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Asian Art Museum Asks Life's Biggest Questions in Divine Bodies

Original exhibition showcases historical sculpture from Buddhist and Hindu traditions along with contemporary photo-based work from renowned Indian artists

Download a PDF copy of this Press Release: Divine Bodies teaser

Mona and Myself (still), 2013, by Dayanita Singh (Indian, b. 1961). Single-channel video with sound.Courtesy the artist and Frith Street Gallery, London. © Dayanita Singh.

San Francisco, January 9, 2017 —The human form in art has always helped shape how we answer life’s biggest questions: Where do we come from? Why are we here? Who are we? What happens when we die? In response, from March 9 through July 29, 2018, the Asian Art Museum presents Divine Bodies, bringing together nearly 70 large-scale historical sculptures and paintings from Hindu and Buddhist traditions, along with contemporary photo-based work. This original exhibition invites us to dwell on these mysteries as we ponder the power of transformation, the possibility of transcendence, and the relationship of our bodies to the cosmos.

Divine Bodies presents masterpieces from 1500 years ago to today, from what is now India, Pakistan, and the wider Buddhist world, to engage visitors in a real conversation,” explains Qamar Adamjee, the museum’s Malavalli Family Foundation Associate Curator of Art of the Indian Subcontinent. “These artworks demand that we contemplate our role in a larger cosmology by asking, ‘How we can see the human in the divine and the divine in the human?’”

Artists from across Asia have long depicted deities — Hindu gods and goddesses, Buddhas and bodhisattvas, from the gentle to the fierce— in carnal human form. Their familiar facial features and unexpectedly corporeal figures allow mortals to relate to immortals, establishing an ongoing interaction between human and divine bodies: between material and ethereal, physical and metaphysical, finite and infinite.

“The idea is that by contemplating physical beauty, devotees experience the metaphysical beauty behind such images,” says exhibition co-organizer Jeff Durham, Assistant Curator of Himalayan Art, and a practicing yoga instructor. “A statue is not just a statue: the exhibition encourages us to look at these artworks as devotional images imbued with real divine potency and reminds us of our own spiritual agency on the path to enlightenment.”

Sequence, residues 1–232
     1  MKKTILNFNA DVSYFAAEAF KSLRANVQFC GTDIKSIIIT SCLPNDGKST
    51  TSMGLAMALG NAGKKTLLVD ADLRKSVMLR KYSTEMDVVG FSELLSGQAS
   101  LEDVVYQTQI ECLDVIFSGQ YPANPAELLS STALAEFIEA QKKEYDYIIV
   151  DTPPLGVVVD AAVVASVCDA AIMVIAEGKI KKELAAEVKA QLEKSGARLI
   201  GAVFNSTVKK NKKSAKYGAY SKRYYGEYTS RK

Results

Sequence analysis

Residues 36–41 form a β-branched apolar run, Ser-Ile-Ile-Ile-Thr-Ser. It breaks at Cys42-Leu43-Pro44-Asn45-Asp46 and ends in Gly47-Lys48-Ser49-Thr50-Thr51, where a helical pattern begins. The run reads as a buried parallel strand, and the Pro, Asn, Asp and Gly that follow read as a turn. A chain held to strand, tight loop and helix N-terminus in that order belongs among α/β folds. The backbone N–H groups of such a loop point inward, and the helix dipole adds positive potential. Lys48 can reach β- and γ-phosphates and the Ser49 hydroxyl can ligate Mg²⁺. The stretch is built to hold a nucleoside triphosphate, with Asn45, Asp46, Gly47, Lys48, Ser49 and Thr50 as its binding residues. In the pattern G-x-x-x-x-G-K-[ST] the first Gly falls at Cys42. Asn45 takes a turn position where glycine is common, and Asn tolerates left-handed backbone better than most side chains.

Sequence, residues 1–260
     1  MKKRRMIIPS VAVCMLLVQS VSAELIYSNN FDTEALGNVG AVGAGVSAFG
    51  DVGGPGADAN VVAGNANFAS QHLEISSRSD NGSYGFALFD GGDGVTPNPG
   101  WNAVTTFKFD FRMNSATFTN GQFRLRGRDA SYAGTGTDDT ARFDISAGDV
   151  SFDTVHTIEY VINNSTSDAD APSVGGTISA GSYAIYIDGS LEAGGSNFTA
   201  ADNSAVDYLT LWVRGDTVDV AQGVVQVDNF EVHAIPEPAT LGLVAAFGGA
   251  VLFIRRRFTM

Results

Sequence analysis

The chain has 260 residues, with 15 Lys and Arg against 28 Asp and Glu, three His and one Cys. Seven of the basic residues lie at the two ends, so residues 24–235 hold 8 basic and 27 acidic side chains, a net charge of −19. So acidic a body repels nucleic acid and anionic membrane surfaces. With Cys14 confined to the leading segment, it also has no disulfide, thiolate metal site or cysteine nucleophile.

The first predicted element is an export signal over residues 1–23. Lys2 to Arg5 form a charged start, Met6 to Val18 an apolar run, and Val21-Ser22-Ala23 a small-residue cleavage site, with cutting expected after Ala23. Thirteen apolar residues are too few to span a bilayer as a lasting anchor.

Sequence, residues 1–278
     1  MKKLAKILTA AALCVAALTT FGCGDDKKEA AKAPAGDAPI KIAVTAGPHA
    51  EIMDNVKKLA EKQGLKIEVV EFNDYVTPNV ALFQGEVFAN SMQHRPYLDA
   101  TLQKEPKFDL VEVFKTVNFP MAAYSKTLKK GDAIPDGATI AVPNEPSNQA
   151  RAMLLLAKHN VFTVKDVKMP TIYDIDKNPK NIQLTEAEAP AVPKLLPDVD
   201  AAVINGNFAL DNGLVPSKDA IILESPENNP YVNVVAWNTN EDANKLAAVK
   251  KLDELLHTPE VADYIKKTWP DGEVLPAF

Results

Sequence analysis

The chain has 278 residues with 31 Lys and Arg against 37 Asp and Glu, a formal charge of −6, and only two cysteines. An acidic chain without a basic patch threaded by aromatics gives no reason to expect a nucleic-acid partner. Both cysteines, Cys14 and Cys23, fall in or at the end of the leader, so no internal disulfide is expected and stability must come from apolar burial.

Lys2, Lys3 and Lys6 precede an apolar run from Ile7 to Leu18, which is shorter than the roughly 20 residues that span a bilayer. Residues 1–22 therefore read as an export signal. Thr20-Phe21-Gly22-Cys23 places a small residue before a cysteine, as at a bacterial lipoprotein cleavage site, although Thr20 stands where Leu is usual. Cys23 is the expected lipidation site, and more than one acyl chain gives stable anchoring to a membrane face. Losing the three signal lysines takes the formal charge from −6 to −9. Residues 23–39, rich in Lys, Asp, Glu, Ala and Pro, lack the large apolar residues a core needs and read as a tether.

In addition to traditional depictions of sacred forces, Divine Bodies also presents four series from contemporary Indian photographers — Gauri Gill, Dayanita Singh, Pamela Singh, and Vivan Sundaram — as well as video work from American-Korean duo David and Hi-Jin Hodge. An extensive presentation of photography for the Asian Art Museum, these works together address an issue central to the exhibition: How can we discover meaning in an ever-changing, impermanent world?

These award-winning photographers are widely celebrated in their home country. From deeply personal stills of 20th-century graves, to images of temples and worshippers wittily reworked with pen and ink, the mostly black and white selection of photographs provides a familiar foothold to explore the rich theology underlying Divine Bodies.

In the most well-known series, Myself Mona Ahmed (1999–2017), photographer Dayanita Singh documents the life of a “eunuch” and member of Delhi’s hijra community. Born male and self-identified as female, hijra are considered a third sex in India and are simultaneously shunned and revered as close to the divine, capable of containing — like several important Hindu deities on view in Divine Bodies — both male and female cosmic forces.